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City Hallways (May 20) How did you get to work on Bike to Work Day?


Bike to Work Day
I stopped by the Medical Campus where there was a morning press conference on biking to work since it's Bike to Work Day. Matt Enstice, Medical Campus president, was there with his bike helmet in hand. He doesn't usually bike to work, but said he did bike in today from his home near Delaware Park.

Mayor Byron Brown was there too. Brown biked over to the press conference from City Hall last year, but not this time. He had too busy a morning schedule-wise, and this year's press conference may have been at a different time than last year's, he said.

While I was there, I talked a bit with Enstice about the Fruit Belt parking situation. Enstice, not surprisingly, encourages Medical Campus employees to bike  - or take some means of transportation other than a car - to work. I'll have more on that in my next post.

Brown's last press conference
Typically, after Mayor Brown calls the media to his office for a specific announcement, he'll end the session by first taking "on topic" questions then "off-topic" ones.  (Off-topic is  basically any topic other than the topic of the press conference.)

That's what happened earlier this week when, after making an announcement about the upcoming police exam, Brown was hit with a barrage of unrelated questions.

Media: There's been some criticism of your proposal to reward Buffalo public school students for good attendance by giving them computer tablets. Better use the money to hire a truant office, it's been said. Any response?

Brown: "In a $494 million budget, $60,000  isn't a back-breaker," referring to the amount of money to be spent on computer tablets for 200 students and gift cards for their  parents.

"There are many children that attend school in the district that are living in poverty. This was designed to encourage them to continue good attendance - those who have good attendance; those who have greatest improvement in attendance."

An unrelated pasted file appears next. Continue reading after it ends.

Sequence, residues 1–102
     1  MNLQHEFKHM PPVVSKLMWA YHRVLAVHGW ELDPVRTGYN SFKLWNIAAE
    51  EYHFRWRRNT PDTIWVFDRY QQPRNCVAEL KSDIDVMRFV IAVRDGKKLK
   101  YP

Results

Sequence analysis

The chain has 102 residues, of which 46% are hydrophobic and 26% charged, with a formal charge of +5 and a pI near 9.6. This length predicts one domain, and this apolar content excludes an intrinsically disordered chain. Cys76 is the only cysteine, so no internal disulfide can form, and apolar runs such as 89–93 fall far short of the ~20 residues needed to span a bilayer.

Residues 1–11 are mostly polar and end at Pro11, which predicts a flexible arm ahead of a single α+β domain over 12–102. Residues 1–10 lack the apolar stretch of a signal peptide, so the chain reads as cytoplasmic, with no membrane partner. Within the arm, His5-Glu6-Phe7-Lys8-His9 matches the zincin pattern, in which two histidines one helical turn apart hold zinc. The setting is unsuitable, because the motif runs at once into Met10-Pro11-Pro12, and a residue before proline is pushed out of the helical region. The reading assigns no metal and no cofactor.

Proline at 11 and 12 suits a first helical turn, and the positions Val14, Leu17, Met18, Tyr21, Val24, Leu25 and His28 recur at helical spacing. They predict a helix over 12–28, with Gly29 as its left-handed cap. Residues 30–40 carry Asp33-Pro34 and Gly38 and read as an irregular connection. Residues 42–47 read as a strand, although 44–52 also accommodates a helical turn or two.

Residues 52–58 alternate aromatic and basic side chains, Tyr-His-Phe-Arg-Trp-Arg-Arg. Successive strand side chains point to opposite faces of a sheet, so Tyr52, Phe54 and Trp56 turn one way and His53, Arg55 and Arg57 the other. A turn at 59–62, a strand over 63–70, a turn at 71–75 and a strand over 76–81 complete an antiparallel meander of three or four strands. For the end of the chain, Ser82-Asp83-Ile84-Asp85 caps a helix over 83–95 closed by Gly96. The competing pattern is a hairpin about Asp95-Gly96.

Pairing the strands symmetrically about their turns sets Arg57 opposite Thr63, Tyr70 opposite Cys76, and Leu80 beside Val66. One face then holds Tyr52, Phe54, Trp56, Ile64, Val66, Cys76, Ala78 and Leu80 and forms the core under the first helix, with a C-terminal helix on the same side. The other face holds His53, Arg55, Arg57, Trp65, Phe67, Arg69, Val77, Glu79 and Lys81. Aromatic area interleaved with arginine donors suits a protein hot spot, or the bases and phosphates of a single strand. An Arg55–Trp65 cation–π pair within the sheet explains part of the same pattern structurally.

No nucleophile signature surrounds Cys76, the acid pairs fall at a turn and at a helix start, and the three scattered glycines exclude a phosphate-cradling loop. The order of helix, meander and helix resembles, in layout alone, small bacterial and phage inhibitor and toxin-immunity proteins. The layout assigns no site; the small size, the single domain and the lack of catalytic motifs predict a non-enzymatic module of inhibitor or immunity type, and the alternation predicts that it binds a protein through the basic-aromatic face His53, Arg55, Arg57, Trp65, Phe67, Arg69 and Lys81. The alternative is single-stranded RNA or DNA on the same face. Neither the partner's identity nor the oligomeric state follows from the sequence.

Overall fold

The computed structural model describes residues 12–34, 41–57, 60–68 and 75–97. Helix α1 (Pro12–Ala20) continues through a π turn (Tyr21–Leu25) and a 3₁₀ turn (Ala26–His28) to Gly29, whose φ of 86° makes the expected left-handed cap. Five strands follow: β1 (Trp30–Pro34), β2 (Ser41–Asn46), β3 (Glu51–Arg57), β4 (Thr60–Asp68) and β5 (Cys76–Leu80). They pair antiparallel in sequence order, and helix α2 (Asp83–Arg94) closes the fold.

Also, Brown said, it would help address the "digital divide" between those whose families can, and those whose families cannot, afford computer equipment.

Media: What's your position on the proposal for a 23-story apartment  building at the site of the former Freezer Queen?

Brown: "I am open to the project."

Media:  Do you have any concerns?

Brown: "In general, I'm not taking  positions when a project is going through the process.  I received a briefing.  I am very open to the  project."

Media: There have been reports of late response times by the city's ambulance service, Rural/Metro.

Brown: The city is "absolutely concerned."

Brown noted Rural/Metro is in the process of being purchased by a national company. "We know that there is a transition period between the two companies," he said.

Nonetheless, Brown  said, Buffalo won't tolerate slow response time. The city's fire commissioner and EMS board are monitoring the situation. There has been some improvement, he said.

(Rural/Metro issued a statement to the media saying the company is taking aggressive action and is near compliance on its response times.)


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